MAY 19, 2019 9:12 AM PDT

Vermont bans neonics to protect bees

After years of scientific evidence that neonicotinoid pesticides are harmful to bees and other pollinators (LABROOTS INFOGRAPHIC), Vermont took a crucial step earlier this month towards protecting these important insects. The Vermont Legislature passed a bill banning consumer use of neonicotinoid pesticides by July 2019, making the new legislation effective in less than two months after it passed.

According to Friends of the Earth, Vermont beekeepers lost an average of 57 percent of their hives in 2018. Tiffany Finck-Haynes, Pesticides and Pollinators Program Manager of Friends of the Earth stated: “These bee-killing pesticides pose a serious threat to public health, the environment and our entire food system. We commend Vermont’s precedent-setting leadership on pollinator protection and urge Governor Scott to sign this bill into law. With 40 percent of pollinators on the brink of extinction and scientific warnings of an insect apocalypse, this bill is a critical step to help curb this alarming decline before it is too late.”

Hundreds of studies have found neonics, as the pesticides are often nicknamed, to be harmful to bees as well as other pollinators and bird species. According to the Sierra Club, one teaspoon of neonic pesticides are enough to kill 1.25 billion bees, especially because the pesticides make all parts of a plant toxic, including the pollen and nectar. And because neonics stay in the environment for years, they can have long-lasting impacts on the ecosystems, such as affecting soil chemistry, pH, groundwater sources, and biodiversity as a whole.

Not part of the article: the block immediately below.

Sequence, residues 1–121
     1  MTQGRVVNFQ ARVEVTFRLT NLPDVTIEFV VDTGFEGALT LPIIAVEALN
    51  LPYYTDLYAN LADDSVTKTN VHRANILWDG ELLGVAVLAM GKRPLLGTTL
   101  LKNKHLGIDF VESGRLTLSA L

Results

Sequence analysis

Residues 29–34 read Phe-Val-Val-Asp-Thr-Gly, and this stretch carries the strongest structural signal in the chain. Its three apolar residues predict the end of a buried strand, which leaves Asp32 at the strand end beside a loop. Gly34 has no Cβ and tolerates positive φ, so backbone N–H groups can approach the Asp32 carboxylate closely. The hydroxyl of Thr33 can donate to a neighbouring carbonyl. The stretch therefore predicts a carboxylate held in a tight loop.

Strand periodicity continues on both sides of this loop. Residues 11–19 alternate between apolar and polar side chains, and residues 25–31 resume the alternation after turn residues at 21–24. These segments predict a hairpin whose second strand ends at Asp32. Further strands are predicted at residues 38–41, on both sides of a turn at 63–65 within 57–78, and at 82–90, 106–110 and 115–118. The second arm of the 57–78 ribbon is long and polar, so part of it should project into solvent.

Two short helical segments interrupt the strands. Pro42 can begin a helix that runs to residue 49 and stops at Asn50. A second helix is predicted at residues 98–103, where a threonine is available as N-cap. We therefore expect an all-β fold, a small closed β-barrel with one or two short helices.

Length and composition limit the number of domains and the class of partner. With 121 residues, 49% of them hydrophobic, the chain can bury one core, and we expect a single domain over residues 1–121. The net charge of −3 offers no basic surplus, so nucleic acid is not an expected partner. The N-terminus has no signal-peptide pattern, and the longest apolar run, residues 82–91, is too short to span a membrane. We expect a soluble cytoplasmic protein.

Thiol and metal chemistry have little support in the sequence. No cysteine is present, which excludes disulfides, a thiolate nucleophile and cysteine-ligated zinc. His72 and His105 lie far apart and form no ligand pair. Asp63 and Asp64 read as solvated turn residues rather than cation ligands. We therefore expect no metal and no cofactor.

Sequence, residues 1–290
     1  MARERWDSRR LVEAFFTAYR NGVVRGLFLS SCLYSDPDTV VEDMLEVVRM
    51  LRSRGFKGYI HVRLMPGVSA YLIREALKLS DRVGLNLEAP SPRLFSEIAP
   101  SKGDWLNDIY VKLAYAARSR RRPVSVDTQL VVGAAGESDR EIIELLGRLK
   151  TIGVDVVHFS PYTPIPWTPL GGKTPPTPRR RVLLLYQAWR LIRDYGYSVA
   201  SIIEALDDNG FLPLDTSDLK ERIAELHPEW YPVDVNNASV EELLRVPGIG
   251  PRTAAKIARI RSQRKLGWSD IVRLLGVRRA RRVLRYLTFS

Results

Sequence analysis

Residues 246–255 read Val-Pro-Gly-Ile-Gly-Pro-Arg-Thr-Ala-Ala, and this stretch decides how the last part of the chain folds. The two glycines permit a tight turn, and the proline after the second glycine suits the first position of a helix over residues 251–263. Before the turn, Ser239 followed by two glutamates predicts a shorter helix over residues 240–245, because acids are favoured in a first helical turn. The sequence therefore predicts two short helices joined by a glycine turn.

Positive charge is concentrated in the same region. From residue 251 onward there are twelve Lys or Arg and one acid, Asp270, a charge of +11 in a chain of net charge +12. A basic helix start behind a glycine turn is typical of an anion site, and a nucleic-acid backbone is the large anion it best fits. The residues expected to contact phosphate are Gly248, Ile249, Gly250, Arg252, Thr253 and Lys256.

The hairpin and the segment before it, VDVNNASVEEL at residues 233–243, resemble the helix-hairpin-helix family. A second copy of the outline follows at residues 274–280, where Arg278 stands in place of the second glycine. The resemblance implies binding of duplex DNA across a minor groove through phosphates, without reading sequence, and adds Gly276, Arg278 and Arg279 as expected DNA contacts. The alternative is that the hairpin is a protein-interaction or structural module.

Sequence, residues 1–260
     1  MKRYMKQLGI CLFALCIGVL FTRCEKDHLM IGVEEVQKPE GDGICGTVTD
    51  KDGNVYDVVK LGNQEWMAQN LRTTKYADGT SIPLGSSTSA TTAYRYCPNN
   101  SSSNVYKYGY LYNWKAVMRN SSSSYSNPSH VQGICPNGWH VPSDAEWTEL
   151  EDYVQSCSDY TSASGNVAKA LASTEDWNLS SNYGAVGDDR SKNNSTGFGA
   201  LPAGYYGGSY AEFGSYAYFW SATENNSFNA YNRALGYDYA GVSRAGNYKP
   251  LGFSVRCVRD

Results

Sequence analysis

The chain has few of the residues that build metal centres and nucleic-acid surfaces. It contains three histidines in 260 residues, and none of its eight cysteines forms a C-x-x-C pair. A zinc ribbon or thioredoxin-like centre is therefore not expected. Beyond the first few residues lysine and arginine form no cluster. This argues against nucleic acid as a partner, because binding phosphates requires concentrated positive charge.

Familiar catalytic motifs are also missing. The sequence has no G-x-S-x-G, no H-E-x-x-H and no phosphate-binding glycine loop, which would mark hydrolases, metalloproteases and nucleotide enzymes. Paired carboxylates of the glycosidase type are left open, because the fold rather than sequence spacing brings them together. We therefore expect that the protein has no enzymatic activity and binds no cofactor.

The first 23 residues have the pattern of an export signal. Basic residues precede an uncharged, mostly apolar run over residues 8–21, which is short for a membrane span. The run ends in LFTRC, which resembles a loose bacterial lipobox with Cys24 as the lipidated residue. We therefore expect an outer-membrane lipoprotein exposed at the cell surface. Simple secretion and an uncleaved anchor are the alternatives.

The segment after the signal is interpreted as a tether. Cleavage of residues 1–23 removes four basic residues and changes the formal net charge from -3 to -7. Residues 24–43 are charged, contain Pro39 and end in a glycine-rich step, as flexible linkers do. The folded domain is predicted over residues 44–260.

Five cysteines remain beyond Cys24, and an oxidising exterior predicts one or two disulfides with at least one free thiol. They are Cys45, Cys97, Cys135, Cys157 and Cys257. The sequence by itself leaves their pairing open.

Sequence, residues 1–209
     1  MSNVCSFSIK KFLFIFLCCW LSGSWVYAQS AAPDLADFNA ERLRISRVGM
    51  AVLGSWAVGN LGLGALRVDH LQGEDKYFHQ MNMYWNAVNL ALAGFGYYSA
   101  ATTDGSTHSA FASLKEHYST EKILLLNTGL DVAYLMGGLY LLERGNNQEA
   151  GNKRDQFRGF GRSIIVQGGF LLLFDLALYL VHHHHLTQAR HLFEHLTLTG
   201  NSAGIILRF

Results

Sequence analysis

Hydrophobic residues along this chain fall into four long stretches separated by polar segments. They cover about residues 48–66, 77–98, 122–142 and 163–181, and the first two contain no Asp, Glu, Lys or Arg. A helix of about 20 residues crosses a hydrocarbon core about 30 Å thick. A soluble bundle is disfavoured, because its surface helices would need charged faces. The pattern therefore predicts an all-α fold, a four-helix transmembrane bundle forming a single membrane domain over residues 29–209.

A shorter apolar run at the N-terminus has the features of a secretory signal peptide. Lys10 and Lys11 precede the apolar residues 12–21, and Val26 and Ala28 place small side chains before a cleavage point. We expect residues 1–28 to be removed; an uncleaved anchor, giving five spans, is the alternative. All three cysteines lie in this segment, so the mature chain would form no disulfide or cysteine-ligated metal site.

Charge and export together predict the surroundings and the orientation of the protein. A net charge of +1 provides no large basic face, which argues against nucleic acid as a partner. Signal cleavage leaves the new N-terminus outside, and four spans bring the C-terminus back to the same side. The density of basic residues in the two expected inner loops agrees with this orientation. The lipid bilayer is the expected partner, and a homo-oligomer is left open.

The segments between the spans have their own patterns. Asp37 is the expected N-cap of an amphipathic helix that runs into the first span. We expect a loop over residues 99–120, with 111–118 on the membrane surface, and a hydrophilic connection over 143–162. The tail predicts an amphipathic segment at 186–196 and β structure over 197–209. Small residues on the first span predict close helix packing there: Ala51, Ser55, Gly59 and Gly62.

The results of a study by the Vermont Center for Ecostudies found that of the 15 bumblebee species in Vermont, three are probably extinct and at least one other is in decline. In Vermont, some pollen in honey bee hives and some streams and tile drains in farm fields are already contaminated by neonics.

Vermont’s decision was passed only days following the UN’s global biodiversity assessment, which determined that “a million species, including pollinators and other insects, are at risk of extinction and that the window of opportunity to protect biodiversity and our environment is rapidly closing.”

Sources: Friends of the Earth, Sierra Club, UVM

About the Author
BA Environmental Studies
Kathryn is a curious world-traveller interested in the intersection between nature, culture, history, and people. She has worked for environmental education non-profits and is a Spanish/English interpreter.
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